Almost a year ago to the day, Ryan Madson signed a one-year deal with the Cincinnati Reds. Early in the offseason, there were reports that Madson had re-upped with the Phillies for four years. In the end, he had to settle for a year. It was a make-good contract, not a once-in-a-career jackpot. And before the season could even start, his elbow disintegrated. It was a rough offseason.
A year ago to the day, Prince Fielder was still a free agent. Albert Pujols signed his mega-deal with the Angels, and it looked like the market dried up for stars looking for star money. In the end, Fielder received a huge, nine-year deal from the Tigers. There were whispers that Fielder would have to take a three- or four-year deal. Instead, he nabbed his once-in-a-career jackpot. It was a good offseason.
The common thread: Scott Boras. He was the agent for both Fielder and Madson. When Madson went from four years, $44 million to one year, $10 million in just a couple months, it was a Mighty Casey moment for Boras. There was no joy in Mudville, in which Mudville is defined as "the Maserati dealership closest to Ryan Madson's house." And it wasn't completely ludicrous to think maybe teams were getting wise to Boras's tricks. Maybe Boras had lost his touch.
And then Fielder signed for half of the decade's military budget.
Two Boras clients. Two very, very different results. Are either of those deals applicable to Michael Bourn, another Boras client waiting for a big payday a January later?
As late as November 30, here was the scuttlebutt on Bourn:
Bourn, whose agent, Scott Boras, will be seeking more than $100 million for the speedy outfielder, may not be an obvious fit for the rebuilding Cubs, but they would be looking at him much the same way the Washington Nationals viewed Jayson Werth.
Nine figures. And after B.J. Upton signed for $75 million, it almost seemed reasonable. That's just what the market was going to bear. There were a lot of teams looking for a center fielder, and Bourn was the best one available, so it made sense that he was expecting a substantial payday.
But then the dominos fell. The Twins traded both Ben Revere and Denard Span, which allowed two teams to drop out of the Michael Bourn sweepstakes. Angel Pagan returned to the Giants for less than half of what Bourn and Boras were expecting. Josh Hamilton signed with the Angels, and Shane Victorino went to the Red Sox. The center fielders left the offseason bazaar, but so did the teams interested in center fielders.
When you scour the MLB Daily Dish page for Bourn, there are a lot of Rangers mentions. There's also a stray Braves rumor. An Upton, Bourn, and Jason Heyward outfield would be the best defensive outfield in baseball, but it would be hard to imagine the Braves committing big money to another outfielder this offseason. The Mariners come up as a possibility, too, but that's about it. Rangers and Mariners. Mariners and Rangers. It's a game of chicken at 10 m.p.h., with both teams hoping Boras will give up.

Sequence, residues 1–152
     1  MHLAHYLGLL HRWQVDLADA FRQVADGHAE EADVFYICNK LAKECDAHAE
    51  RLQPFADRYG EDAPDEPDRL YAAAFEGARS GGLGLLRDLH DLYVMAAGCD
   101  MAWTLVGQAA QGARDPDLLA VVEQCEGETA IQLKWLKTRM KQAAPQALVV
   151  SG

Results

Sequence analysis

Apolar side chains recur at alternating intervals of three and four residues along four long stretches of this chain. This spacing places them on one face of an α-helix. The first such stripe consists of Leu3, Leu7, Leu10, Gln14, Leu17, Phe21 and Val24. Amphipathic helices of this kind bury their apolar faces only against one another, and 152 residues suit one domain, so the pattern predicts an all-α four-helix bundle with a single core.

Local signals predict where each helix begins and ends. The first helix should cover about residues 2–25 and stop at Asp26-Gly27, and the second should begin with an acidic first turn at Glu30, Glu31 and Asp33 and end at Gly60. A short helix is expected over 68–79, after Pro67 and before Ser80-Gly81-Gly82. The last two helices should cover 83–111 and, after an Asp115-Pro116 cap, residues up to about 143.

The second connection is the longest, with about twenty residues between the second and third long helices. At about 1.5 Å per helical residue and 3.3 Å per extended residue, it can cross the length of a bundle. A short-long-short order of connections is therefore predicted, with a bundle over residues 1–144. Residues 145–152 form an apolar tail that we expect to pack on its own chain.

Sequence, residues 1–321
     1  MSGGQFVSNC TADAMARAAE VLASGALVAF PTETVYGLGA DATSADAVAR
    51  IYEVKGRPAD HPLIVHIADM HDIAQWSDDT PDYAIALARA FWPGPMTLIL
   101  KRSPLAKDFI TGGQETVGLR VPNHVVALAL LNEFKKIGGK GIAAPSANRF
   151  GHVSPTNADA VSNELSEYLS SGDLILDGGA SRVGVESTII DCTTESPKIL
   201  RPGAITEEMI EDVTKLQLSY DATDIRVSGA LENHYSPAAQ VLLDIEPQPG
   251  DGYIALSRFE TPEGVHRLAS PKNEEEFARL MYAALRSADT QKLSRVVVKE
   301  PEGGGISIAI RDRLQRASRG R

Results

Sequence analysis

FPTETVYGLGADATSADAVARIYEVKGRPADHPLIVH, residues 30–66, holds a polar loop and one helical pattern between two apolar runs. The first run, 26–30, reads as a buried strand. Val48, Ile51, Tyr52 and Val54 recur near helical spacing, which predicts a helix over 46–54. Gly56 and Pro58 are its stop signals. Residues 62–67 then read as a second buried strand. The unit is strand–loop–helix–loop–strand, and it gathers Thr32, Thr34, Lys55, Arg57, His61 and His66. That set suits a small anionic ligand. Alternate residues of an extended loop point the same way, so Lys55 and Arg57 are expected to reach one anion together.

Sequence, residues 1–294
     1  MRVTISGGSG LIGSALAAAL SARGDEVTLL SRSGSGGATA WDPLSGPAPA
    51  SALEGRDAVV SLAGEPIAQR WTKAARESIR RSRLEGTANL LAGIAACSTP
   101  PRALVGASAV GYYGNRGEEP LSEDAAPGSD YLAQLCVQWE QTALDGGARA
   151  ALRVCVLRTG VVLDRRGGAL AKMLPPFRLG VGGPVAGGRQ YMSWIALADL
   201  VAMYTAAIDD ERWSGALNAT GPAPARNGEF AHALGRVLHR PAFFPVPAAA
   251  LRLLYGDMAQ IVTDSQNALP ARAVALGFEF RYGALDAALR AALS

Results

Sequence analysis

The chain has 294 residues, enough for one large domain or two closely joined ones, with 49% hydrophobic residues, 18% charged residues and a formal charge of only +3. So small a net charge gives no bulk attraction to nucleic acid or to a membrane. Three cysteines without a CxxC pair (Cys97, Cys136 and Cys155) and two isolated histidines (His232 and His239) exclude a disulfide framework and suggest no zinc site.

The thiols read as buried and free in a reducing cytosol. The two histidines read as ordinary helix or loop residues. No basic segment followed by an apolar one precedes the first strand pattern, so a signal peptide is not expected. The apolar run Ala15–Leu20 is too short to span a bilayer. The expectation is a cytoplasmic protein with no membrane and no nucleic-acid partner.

So is Bourn a Madson or a Fielder? Has the market already fallen out from under him, or will he still come back and stun the baseball world with a substantial long-term deal?
Never bet against Boras. When it comes to a free-agent deal for a Boras client, at least. If you get the opportunity to bet against him in a karaoke competition or something, go for it. But for decades, Boras has consistently procured money for his clients. Madson is the exception, not the rule.
Except here's the difference between Fielder and Bourn: The Tigers could sign Fielder, turn around, and trumpet that the offseason was a success. They could put Fielder's face on tickets, and they could stick him in every television promo from February through November. Your mom probably knew who Prince Fielder was.
Your mom doesn't know who Michael Bourn is. He isn't the kind of free agent who will save an offseason, who will whip the fan base into a ticket-buying frenzy. His value is apparent to the WAR-sniffing connoisseurs among us, and certainly teams are aware that his leadoff/defense combo is rare and desirable. But he isn't an instant PR coup. And at 30, he isn't exactly a sure bet for a four- or five-year deal. It's not like he's a perennial MVP candidate that a team will sign long-term just to get the short-term boost found with the guaranteed perennial-MVP-candidate seasons.
The Rangers would do well to get Bourn for something similar to what Upton received, but he wouldn't single-handedly save an offseason in which they lost two of their best hitters. The Mariners would be a better team with Bourn, but they would still be the fourth-best team in their division.
Never bet against Boras. Except this time. The nine-figure deal for Bourn -- especially considering that he'll cost a draft pick, too -- is gone. It might never have been there in the first place. Boras isn't the equivalent of a .400 hitter; he's more like a top-flight closer, converting 95 percent of his opportunities. In this case, though, it looks like a couple of bloops and an error have loaded the bases with no outs. It will take some magic and good fortune to get out of this one. Don't bet against him. But don't bet on him, either.